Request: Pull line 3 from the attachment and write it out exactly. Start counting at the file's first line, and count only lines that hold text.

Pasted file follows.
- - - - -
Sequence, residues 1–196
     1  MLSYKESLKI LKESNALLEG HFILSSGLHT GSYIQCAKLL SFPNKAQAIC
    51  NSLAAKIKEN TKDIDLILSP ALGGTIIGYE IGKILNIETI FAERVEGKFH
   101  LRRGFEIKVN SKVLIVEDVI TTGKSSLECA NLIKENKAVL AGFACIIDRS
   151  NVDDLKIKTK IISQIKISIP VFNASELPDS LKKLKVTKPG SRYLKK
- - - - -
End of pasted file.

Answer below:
    51  NSLAAKIKEN TKDIDLILSP ALGGTIIGYE IGKILNIETI FAERVEGKFH